Saturday, November 18, 2017

Temporal Things and a Creeping Sense of Dread: The Fiction of John Darnielle

Author and musician John Darnielle

Paper-based role-playing games and video rental stores in rural Iowa might seem unlikely subjects for a 21st-century novel. Both provide amusements rooted in a past that is simultaneously too recent to have yet become a part of history and too distant to be clearly remembered by just about anyone under 40. Yet the obscurity of these subjects lends them to Wolf in White Van and Universal Harvester, two novels by John Darnielle.

Darnielle is best known as the founding and primary member of the indie rock band The Mountain Goats, a group which has effectively consisted of him and a changing cast of musicians with whom he collaborates (when he doesn’t simply play solo). Darnielle’s garnered a well-deserved reputation for crafting off-kilter but deeply absorbing songs about everything from his troubled childhood to small-time professional wrestling. Those songs have gradually become more lavish in terms of their instrumentation, but Darnielle’s keen eye for characterization and narrative remains.

When his debut novel Wolf in White Van appeared in 2014, I was immensely curious to see how his keen sense of wordplay, narrative, and character would translate from songwriting to a more traditionally literary outlet. It’s an oftentimes haunting story, following Sean, its narrator, as he reflects on the fallout from two searing incidents. The first came when he tried, as a teenager, to shoot himself in the head, only to end up alive but horrifically disfigured. The second comes when the play-by-mail role-playing game that he invents, which is called Trace Italian and is set in a post-apocalyptic version of America, leads to fatal consequences when two young players try to actually follow in the real world the moves that Sean sends them.

Universal Harvester, which came out at the beginning of 2017, offers a more diffuse narrative, beginning with a discovery by Jeremy, an employee at a video store in Nevada (pronounced “ne-vay-da”), Iowa at the turn of the millennium. When customers begin complaining about seeing odd, disturbing snippets of video spliced into their rentals, Jeremy’s boss Sarah Jane goes to investigate, and eventually begins to fall off the map. Whereas Wolf in White Van focuses on a single protagonist, Universal Harvester moves the spotlight from one character to another, and across different time periods, creating something of a mosaic that eventually reveals the backstory of the character responsible for creating those strange bits of footage, as well as the reactions of the next group of people to stumble across her work, long after Jeremy’s old job at the video store has disappeared.

In both novels, Darnielle retains his talent for characterization, seemingly drawing on some of the same inspiration that led to some of his most personal and heartfelt songs, such as the autobiographical “This Year,” to create a portrait of troubled loners with unique obsessions. His sense of careful observation renders some of the more potentially precious aspects of these characters’ worlds, such as Trace Italian, into what feel like perfectly natural aspects of his fictitious worlds. Universal Harvester is especially adept at capturing the feel of small-town life without being condescending, and Jeremy’s relationship with his widowed father manages to be interesting and complex without lapsing into the usual father-son melodramatics.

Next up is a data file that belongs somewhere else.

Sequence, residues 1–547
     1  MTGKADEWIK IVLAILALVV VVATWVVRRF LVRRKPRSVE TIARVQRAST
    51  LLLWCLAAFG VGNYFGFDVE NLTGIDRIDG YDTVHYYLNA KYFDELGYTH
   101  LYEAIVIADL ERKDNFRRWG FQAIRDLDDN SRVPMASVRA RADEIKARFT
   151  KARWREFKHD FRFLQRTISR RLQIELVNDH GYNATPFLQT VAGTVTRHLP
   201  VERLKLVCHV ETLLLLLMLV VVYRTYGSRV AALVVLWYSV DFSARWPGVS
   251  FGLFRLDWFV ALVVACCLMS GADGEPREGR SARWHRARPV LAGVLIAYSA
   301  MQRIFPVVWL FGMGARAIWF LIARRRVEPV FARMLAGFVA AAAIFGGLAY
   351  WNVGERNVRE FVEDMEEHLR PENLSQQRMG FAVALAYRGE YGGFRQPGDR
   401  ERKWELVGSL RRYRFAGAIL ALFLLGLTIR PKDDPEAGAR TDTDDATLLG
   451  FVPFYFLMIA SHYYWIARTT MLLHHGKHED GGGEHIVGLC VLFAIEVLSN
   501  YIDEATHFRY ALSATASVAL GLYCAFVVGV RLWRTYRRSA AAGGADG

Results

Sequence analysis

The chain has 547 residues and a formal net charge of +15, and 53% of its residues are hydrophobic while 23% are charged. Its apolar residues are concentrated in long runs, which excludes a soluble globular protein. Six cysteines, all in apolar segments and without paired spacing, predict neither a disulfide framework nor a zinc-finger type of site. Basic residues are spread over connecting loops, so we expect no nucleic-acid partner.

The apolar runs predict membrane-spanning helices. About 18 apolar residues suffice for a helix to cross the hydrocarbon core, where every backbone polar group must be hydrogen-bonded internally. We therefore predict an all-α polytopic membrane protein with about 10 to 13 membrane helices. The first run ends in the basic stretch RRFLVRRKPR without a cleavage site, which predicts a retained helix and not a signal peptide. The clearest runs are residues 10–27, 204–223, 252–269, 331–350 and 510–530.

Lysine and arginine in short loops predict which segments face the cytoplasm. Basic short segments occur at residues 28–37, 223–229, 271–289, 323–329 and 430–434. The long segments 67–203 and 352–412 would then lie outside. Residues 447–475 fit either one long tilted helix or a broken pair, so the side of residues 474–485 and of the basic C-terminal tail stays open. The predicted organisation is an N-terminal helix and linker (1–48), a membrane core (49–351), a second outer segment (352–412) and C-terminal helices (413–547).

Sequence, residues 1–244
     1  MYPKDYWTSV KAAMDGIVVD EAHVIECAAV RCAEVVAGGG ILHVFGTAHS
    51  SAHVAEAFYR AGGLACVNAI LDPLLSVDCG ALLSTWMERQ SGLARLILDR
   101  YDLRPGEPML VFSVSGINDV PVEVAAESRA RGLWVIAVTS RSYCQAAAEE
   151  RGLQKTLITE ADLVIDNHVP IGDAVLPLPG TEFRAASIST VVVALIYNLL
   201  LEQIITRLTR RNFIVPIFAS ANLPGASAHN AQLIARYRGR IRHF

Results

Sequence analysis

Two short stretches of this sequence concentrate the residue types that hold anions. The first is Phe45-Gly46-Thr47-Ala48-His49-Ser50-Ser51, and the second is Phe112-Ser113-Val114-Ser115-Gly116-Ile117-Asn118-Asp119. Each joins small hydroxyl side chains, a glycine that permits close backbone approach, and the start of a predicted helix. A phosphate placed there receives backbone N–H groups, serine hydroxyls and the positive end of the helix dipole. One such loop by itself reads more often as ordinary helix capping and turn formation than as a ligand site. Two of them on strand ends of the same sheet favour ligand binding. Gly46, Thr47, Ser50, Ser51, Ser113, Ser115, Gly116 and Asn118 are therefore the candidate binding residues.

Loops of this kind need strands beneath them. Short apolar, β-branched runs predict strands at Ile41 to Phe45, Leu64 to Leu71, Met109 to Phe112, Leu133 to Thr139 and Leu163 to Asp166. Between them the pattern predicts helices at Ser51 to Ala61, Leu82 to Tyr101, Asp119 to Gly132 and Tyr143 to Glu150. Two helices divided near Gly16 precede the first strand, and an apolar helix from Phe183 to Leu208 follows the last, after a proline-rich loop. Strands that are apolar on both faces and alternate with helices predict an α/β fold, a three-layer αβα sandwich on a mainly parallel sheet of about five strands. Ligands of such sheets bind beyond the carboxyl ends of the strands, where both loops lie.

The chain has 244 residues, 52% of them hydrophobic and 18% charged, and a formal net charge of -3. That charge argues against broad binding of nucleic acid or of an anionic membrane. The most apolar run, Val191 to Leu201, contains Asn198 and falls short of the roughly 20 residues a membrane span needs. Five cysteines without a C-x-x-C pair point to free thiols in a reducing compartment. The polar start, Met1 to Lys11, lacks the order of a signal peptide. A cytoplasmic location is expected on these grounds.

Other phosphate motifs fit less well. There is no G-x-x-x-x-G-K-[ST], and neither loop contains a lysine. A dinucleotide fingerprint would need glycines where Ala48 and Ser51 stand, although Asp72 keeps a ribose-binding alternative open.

At the same time, it’s striking how Darnielle’s move from music to prose alters the effect of his words. Shorn of the musical accompaniment that provides such crucial emotional coloration, as well as the rhythmic feel of the verse-chorus-verse structure of a song, those words often feel detached, distanced from the reader. Darnielle is unsurprisingly skilled at capturing the voice of a narrator like Sean in Wolf in White Van, and his use of the first-person voice in Universal Harvester is especially arresting, even unsettling, as it interjects itself at unexpected moments, catching us utterly unawares and causing us to reconsider whose perspective this story is being told from. At the same time, that surprise use of first person gets at an aspect of both books that’s especially pronounced in Universal Harvester: an obliqueness in Darnielle’s approach that’s simultaneously intriguing and alienating. Universal Harvester initially feels like an exercise in the horror genre, with its eerie happenings and ominous plot developments. However, these developments ultimately lead to a more complicated, unresolved ending, and while the motive of the person responsible for creating the videos eventually emerges, her purpose remains obscure. While that parallels the point that Darnielle seems to be making about the urges that drive us to create art, it also keeps us on the outside looking in. Even Sean, who guides us through his world through the entirety of Wolf in White Van, feels to some degree remote and unknowable.

In that regard, it seems instructive (if perhaps slightly unfair) to compare Darnielle’s work to that of George Saunders, whose Lincoln in the Bardo engages in even more pronounced experimentation. However, Saunders’s formal innovations, while sometimes intentionally disorienting, actually manage to bring us closer to his characters. Unlike the eminently singable songs for which Darnielle’s best known, his characters always keep us at a certain distance, curious but unwilling to fully commit to joining in the chorus.

– Michael Lueger teaches theatre classes at Northeastern University and Emerson College. He's written for WBUR's Cognoscenti page and HowlRound. He also tweets about theatre history at @theaterhistory.

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